Meet Bruce Weinstein & Mark Scarbrough – 22 cookbooks and countingJanuary 27, 2014 by Jane
We were delighted recently to have a chance to interview Bruce Weinstein & Mark Scarbrough, authors of the just-published The Great American Slow Cooker Book: 500 Easy Recipes for Every Day and Every Size of Machine. Actually, this is only the most recent cookbook they’ve written together – there are 21 others from this New York/Texan duo. Mark and Bruce make a fun team – as they’ve written about themselves, “To put it bluntly, Bruce is olive oil; Mark, butter. Bruce wants a Christmas tree; Mark writes the haggadah for Passover. (It makes for interesting times.)”
As the following highlights, they also have some solid opinions. (And besides the interview, they’ve offered our members 5 free copies of The Great American Slow Cooker Book; just post a blog reply on the contest page here.)
EYB: In the past there was some snobbery about crockpots and slow cookers. Do you think that has passed?
Actually, no. But we hope we’re part of the trend to undo some of that unwarranted snobbery. We wrote a book in which we nixed almost all the bad shortcuts–cream of celery soup, for example–and instead used the real food found in our rural New England supermarket. Sure, some people haven’t had fenugreek before, but it was certainly on the spice rack at our market. But we certainly didn’t take the recipes to the other extreme: everything fussed over and fetishized until you’ve lost the convenience of the appliance. Yes, we brown meat (sometimes) outside the cooker but we also feel free to use canned tomatoes and broth, convenience products that don’t up the chemical signature of a dish.
EYB: Are there some dishes that you think taste better in a slow cooker then slow-cooked in the oven?
Chicken thighs. There’s something about the way the slow cooker melts the cartilage and fat evenly, resulting in far more luxurious bits of poultry goodness! And beef short ribs. They almost melt! Because neither has been at a boil or even a simmer, they hold their shape perfectly, decadent cuts from a down-home appliance.
EYB: And are there any slow-cooked oven dishes that just don’t work in a slow cooker?
Of course! A slow cooker doesn’t mean you get to use your oven for sweater storage. A slow cooker won’t make crunchy beef or pork ribs the way you can make them on a baking tray in the oven. And a slow cooker will never caramelize tomatoes into little bits of vegetable candy. But most braises and stews–with the proper adjustments (less moisture, less fat, less salt)–will become just as luxurious in the slow cooker as in the oven.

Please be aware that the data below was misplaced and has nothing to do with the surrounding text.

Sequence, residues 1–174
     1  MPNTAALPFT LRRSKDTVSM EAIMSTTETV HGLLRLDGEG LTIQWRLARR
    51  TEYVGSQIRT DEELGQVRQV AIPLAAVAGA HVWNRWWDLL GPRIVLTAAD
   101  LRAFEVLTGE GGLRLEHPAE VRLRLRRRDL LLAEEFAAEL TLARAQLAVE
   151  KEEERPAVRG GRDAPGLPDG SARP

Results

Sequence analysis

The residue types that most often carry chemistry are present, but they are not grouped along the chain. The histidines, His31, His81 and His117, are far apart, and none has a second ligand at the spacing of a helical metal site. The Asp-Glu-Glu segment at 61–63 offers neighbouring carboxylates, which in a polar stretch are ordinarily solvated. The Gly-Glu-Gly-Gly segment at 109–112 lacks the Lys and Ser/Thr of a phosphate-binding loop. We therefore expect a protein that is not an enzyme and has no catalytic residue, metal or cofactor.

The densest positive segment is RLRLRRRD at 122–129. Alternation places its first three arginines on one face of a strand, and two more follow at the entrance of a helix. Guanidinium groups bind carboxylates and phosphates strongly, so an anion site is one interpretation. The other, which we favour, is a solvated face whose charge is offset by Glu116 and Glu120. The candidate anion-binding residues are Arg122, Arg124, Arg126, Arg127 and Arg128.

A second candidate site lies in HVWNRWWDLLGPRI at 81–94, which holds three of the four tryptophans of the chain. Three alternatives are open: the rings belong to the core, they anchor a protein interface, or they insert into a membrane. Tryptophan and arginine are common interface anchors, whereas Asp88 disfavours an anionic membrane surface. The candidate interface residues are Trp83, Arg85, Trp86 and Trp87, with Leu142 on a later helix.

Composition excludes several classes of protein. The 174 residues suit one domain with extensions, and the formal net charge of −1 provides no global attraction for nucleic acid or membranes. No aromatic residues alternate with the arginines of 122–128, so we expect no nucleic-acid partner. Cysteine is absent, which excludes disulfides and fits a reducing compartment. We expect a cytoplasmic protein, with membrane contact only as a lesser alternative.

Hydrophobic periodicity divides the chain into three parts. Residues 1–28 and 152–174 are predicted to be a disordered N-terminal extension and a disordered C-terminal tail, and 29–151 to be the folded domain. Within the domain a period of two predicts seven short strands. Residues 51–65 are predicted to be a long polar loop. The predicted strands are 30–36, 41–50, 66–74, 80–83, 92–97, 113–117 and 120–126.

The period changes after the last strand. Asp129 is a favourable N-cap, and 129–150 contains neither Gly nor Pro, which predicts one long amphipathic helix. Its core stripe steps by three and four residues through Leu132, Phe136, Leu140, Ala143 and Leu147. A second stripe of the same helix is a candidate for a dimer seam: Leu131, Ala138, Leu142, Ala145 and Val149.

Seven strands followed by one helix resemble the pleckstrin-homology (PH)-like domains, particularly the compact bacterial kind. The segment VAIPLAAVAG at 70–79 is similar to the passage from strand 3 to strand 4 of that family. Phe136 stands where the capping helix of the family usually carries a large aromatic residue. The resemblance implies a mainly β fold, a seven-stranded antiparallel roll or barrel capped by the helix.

EYB: How has the technology of slow cookers changed in recent years? What important new features have been added?
We believe these are the biggest changes since the original models: 1) a built-in timer to make cooking easier, 2) the keep-warm setting which will hold most stews or braises at a safe temperature for several hours, and 3) the increased heat of “low” and “high.” That last is very important. Older recipes may not be calibrated for the newer, higher temperatures. These new temperatures are actually in line with current food-safety guidelines–so there’s no threat of bad pests from improper cooking. However, the modern cookers definitely work at higher temperatures–which means food’s done faster, sauces need a little more liquid, and pork tenderloins should be done in the oven quickly, not in the slow cooker.
EYB: Do you think owners of slow cookers realize the huge range of dishes that can be slow-cooked? How will your book expand their repertoire?
Most people don’t know that the best steel-cut oatmeal comes from a slow cooker. Set the machine up the night before and you wake up to a whole-grain breakfast. How terrific is that! And most people don’t know about baking in a slow cooker. You can pour the batter right into the cooker for some recipes and use it as a very moist-heat oven. Or you can use it as a countertop bain-mairie for puddings, custards, or pot au creme.
EYB: What dishes in your book do you think will surprise people that they can be made in a slow-cooker?
Brownies. Rice porridges. A one-pot turkey and stuffing recipe. And an old-fashioned shrimp boil. Seems like those are a long way from mac-and-cheese!
EYB: Were there any dishes you tried when creating the recipes for this book that didn’t work? Any disasters?
Okay, the truth. We couldn’t really get a soufflé to work, despite repeated attempts. We thought that the moist environment would give us a luxurious texture in a chocolate soufflé. But we mostly ended up with collapsed chocolate scum.
EYB: You two are life and work partners – how do you make sure that you aren’t always working?
We don’t. It seems we’re always working. With twenty-two cookbooks in fourteen years (not counting those ghost-written for celebs), we’re always in the kitchen. But the most important thing we’ve learned is the way to keep creativity alive inside the relationship. (Someday, we want to write a book on that!) We’ve had to discover ways to instigate, nourish, and sustain creativity in each other. It’s very easy for a creative relationship to go dead over time–in the office, between script writers, among publicists, within a chef’s kitchen, and in our home, too. It’s the biggest challenge of our career–and one we’ve managed to negotiate so far. But there’s more work ahead! (And more books, too.)
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